USQ has recently announced its foundation membership in an astronomical survey of exoplanet atmospheres and Solar system objects to be done by the UK’s Twinkle Space Mission. For more information see the links below.
As of October 2020 the USQ astrophysics blog has been expanded with some text-based information pages. This content and added images will appear as an updated USQ Centre for Astrophysics website late 2020 for 2021.
Asteroid Prospecting Analysis and Classification (PhD scholarship, USQ)
Please note: The University of Southern Queensland is now offering a Research Training Program (RTP) funded PhD scholarship for 2020 . Eligible students must either hold an Australian passport or be permanent residents. As the studentship needs to be filled by the end of this calendar year, we encourage any suitable and potentially interested candidates to contact us as soon as possible, and by the end of November 2019 at the latest. Some project details are below.
The University of Southern Queensland (USQ) welcomes applications from domestic students aiming to complete a PhD in asteroid research under the joint supervision of Professor Jonti Horner (USQ), Dr Craig Lindley (CSIRO) and Professor Phil Bland (Curtin University).
The PhD forms part of a wider project that is funded by the CSIRO and USQ, in collaboration with the asteroid prospecting company NEORA, and will address early-stage prospecting for asteroids that may be strong candidates for the future exploitation of resources.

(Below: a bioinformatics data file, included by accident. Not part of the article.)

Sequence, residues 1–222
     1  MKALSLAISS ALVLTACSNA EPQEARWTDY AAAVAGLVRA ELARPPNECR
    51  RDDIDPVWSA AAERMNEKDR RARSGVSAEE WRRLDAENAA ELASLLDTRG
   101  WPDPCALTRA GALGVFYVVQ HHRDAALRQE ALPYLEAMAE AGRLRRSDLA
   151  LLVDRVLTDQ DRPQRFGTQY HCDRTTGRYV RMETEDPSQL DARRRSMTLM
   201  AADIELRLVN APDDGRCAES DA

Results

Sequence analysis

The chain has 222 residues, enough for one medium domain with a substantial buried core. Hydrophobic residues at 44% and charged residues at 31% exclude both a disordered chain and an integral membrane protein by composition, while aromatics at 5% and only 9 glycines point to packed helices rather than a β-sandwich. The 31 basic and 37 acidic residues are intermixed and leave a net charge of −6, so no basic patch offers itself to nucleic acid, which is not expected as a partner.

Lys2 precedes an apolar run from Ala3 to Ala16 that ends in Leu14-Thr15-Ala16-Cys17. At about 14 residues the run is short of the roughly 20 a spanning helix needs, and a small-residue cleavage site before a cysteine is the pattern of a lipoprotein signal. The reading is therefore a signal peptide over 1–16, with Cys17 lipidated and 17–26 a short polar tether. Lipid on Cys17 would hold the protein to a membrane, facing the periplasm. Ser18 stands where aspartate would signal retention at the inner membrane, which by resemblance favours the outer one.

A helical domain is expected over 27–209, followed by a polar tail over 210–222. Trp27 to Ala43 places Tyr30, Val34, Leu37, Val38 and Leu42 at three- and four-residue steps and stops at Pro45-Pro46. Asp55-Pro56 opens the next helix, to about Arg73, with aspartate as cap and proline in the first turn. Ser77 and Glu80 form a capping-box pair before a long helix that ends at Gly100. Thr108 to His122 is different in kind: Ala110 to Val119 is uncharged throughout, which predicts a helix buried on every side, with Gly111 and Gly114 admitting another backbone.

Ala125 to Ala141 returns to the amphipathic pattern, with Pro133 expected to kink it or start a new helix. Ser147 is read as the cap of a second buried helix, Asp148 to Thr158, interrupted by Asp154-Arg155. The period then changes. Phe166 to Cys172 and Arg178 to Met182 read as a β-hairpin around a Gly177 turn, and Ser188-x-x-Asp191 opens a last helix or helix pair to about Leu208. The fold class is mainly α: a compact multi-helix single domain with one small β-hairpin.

The focus will be on the use of large data sets to allow the remote characterisation of asteroids that have been observed by ground instruments or remotely from space platforms. Highly automated analytical methods will be devised to enable the determination of the size, shape, rotation rates, composition, family/classification and potential origins of asteroids.
Asteroid classification and taxonomies will be revisited using clustering and machine learning methods, and these methods will be used for the prediction of composition by cross-correlation with meteorite and mineral albedo and spectral data.
Compositional predictions will be validated by testing against a small dataset of well-characterised asteroids that have been closely observed as the targets of space mission flybys, orbiters and/or landers.
This project will involve collaboration with leading Australian and international researchers as well as space industry companies. This project will receive top-up research funding of AUD$30,000 for the successful candidate, and applications are to be submitted by the end of November 2019.
In recent years USQ has developed a strong research profile in astronomical and space sciences. The successful student will be located within USQ’s Centre for Astrophysics, within the Institute for Advanced Engineering and Space Sciences. USQ has its own observational research facility – the Mt Kent Observatory – which supports a variety of projects, including providing follow-up for NASA’s Transiting Exoplanet Survey Satellite, TESS, and multiple new projects are currently being developed on the growing observatory site.
The Centre for Astrophysics has grown to over 80 members, including 12 teaching and research staff, some 30 research students (mostly PhD students), and over 40 adjunct and honorary staff supporting research student supervision. USQ’s research activity in astronomical and space sciences is mainly focused on stellar astronomy and planetary systems, including multiple projects in Solar system research.